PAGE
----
This requires a tiny bit more work than using picture hanging hardware but you will be so happy you did. It makes a very solid headboard that won’t move on you. This is what that piece of wood looks like from the end. Make sense? You will end up with 2 pieces that look like this even though you will only cut one piece of wood. Attach it to the headboard in the appropriate location, towards the top, maybe about 4″ from the top. Now, when attaching them, drill from the front of the headboard through to the back of the headboard. After all, if you drill from the back to the front, you will have little screws sticking out of the board and into the foam. Going from the front to the back ensures no screws sticking out plus it will be much more secure. If you look closely, I first attached it from the back to the front (the wrong way) and had to clip off the screw tips. Then I added screws from the front to the back like I should have done in the first place.


Next, take your little pieces of 1×4 wood, the ones that are 4″-6″ big and attach them closer to the bottom of your headboard, on the back. These will act as spacers so attach one on each side, about 4″ in from the side. Attach it in the same manner as the piece of wood you did at the top, going from the front to the back. Now the back of the headboard should look like this (notice the long 48″ piece at the top and the two spacers at the bottom corners):


If you plan on tufting your headboard, mark the locations of each button on the back side and drill a hole at each mark. Make your hole larger rather than smaller. It will make the tufting easier. (And, yes, that 18V Dewalt baby is MY drill!)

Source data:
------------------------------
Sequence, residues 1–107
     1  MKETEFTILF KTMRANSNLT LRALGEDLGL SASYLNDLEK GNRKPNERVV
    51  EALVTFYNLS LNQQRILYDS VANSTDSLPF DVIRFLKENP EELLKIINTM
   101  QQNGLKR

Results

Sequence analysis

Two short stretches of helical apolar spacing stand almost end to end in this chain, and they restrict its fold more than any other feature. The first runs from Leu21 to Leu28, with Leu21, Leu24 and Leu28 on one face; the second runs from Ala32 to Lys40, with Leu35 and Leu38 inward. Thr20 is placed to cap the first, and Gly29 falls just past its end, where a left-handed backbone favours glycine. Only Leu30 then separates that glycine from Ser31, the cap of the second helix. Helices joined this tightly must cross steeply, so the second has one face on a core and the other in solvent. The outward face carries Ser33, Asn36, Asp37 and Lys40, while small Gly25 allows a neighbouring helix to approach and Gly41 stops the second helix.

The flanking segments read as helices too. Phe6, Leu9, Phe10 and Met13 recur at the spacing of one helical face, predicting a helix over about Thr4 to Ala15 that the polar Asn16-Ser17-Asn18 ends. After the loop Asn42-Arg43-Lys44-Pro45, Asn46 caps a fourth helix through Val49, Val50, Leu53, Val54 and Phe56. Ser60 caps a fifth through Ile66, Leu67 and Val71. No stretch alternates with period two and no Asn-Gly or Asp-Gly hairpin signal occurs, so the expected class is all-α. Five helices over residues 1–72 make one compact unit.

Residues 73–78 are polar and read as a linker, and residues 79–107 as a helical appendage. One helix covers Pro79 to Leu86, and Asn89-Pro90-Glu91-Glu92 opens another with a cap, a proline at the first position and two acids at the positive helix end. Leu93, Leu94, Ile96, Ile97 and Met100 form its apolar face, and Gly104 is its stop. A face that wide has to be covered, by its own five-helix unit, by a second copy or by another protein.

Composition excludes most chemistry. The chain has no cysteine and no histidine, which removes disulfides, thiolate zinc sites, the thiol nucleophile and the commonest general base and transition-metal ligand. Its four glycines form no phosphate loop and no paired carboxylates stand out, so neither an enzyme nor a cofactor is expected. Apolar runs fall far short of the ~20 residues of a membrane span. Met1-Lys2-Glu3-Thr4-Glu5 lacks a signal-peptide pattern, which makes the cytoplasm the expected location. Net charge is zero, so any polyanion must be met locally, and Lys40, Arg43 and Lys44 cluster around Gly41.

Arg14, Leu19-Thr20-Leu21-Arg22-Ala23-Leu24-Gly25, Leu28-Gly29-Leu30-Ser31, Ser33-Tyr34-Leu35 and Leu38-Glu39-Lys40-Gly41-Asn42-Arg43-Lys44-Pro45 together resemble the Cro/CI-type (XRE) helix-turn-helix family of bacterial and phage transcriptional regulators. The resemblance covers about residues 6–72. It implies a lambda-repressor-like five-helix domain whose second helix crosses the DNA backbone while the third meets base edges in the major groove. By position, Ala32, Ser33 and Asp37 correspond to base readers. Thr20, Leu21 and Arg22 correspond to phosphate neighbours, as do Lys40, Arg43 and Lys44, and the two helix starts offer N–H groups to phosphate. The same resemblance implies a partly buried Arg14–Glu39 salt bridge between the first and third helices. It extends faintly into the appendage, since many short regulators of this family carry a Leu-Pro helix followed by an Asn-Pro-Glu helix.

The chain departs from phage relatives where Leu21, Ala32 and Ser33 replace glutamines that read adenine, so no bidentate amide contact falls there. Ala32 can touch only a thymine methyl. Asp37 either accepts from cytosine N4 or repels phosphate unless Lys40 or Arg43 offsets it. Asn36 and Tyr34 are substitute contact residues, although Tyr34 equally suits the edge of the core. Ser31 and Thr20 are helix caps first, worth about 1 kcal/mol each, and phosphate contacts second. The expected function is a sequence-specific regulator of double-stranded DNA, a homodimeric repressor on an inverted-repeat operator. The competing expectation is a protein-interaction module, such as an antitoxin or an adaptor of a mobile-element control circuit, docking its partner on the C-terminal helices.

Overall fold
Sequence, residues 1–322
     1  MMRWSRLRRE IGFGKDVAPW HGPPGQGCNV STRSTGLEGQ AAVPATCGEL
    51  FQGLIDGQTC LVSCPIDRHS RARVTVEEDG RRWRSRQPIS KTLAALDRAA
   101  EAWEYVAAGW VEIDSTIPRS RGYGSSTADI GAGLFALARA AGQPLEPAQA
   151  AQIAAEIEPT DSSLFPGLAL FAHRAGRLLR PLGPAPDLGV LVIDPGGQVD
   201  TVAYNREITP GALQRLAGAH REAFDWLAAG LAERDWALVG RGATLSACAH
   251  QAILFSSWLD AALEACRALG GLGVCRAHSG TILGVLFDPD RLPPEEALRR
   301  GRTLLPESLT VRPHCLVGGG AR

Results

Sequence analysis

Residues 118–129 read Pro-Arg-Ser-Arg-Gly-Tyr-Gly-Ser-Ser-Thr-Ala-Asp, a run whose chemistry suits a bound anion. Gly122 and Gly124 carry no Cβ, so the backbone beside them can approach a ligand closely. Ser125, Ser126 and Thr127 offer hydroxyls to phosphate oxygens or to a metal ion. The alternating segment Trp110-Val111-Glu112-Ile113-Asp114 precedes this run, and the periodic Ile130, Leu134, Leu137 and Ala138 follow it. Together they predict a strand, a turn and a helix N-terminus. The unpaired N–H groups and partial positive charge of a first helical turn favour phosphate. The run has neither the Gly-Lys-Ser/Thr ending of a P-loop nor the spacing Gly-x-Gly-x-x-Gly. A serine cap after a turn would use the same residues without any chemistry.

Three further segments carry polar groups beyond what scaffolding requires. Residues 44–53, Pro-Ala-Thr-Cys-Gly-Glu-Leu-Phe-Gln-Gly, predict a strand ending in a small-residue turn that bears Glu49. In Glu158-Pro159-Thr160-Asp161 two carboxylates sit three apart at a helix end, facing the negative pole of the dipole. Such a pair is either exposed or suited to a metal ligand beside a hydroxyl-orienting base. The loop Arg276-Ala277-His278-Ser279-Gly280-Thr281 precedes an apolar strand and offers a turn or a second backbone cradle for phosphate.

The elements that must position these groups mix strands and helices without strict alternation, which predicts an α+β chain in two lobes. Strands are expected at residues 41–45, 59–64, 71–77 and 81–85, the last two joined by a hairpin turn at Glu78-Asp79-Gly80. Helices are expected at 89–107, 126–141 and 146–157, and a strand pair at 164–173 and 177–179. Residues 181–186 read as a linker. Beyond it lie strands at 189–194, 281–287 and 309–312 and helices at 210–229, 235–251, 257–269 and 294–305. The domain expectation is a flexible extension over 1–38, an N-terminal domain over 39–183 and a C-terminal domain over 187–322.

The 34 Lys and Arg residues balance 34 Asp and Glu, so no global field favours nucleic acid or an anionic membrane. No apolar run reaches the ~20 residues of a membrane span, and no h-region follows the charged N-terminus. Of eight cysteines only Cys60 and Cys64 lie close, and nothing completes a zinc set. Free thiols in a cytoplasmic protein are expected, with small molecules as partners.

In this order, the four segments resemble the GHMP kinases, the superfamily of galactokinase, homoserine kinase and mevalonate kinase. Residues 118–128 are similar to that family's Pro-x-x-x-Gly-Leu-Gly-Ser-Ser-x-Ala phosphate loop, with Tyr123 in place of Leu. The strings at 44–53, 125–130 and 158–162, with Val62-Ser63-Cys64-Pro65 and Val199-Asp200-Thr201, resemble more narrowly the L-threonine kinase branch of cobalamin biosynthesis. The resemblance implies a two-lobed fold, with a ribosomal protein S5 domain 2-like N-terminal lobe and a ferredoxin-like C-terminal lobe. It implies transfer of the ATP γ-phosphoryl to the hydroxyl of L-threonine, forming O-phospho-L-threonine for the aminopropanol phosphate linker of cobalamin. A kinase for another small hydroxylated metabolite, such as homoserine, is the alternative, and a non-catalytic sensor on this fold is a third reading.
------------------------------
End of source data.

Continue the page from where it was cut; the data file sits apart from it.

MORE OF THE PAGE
Now to the foam. Cut the foam to the size of the plywood. Apparently an electric knife works great but I just used scissors. I wasn’t too concerned about it being perfect because the batting will cover a multitude of sins!


Just lay the foam on the wood and the batting will hold it in place. Some people suggest using spray adhesive to adhere the foam to the wood – I tried this and it didn’t work. Maybe I used the wrong stuff?


Next, lay your quilt batting over the foam and wrap it around the wood to the back side. Staple it in place, making sure it is nice and tight and smooth. To make this easier for me, I laid the headboard on a cedar chest so I could lay underneath the headboard and staple it this way. That way I could see that it was tight and smooth. Some people just flip the whole thing upsidedown and work on it that way but then you cannot see the top. Your choice.



Finally, the fabric! I choose a black vinyl as leather was too expensive. We have a nice leather storage bench at the foot of our bed and I wanted it to match. Plus, vinyl is easy to clean. When attaching the fabric, make sure it is straight and centered then put one staple in the center of each side, on the back. Work on one side at a time, stapling from that center staple out to the corners. Does that make sense? Your corners will be the most difficult part of the whole thing. Pretend it is a present and take it from there. It will take a bit of playing around but once you get one, you will know how to do all of the corners. I cannot explain what I did but I can show you two pictures. First I did this: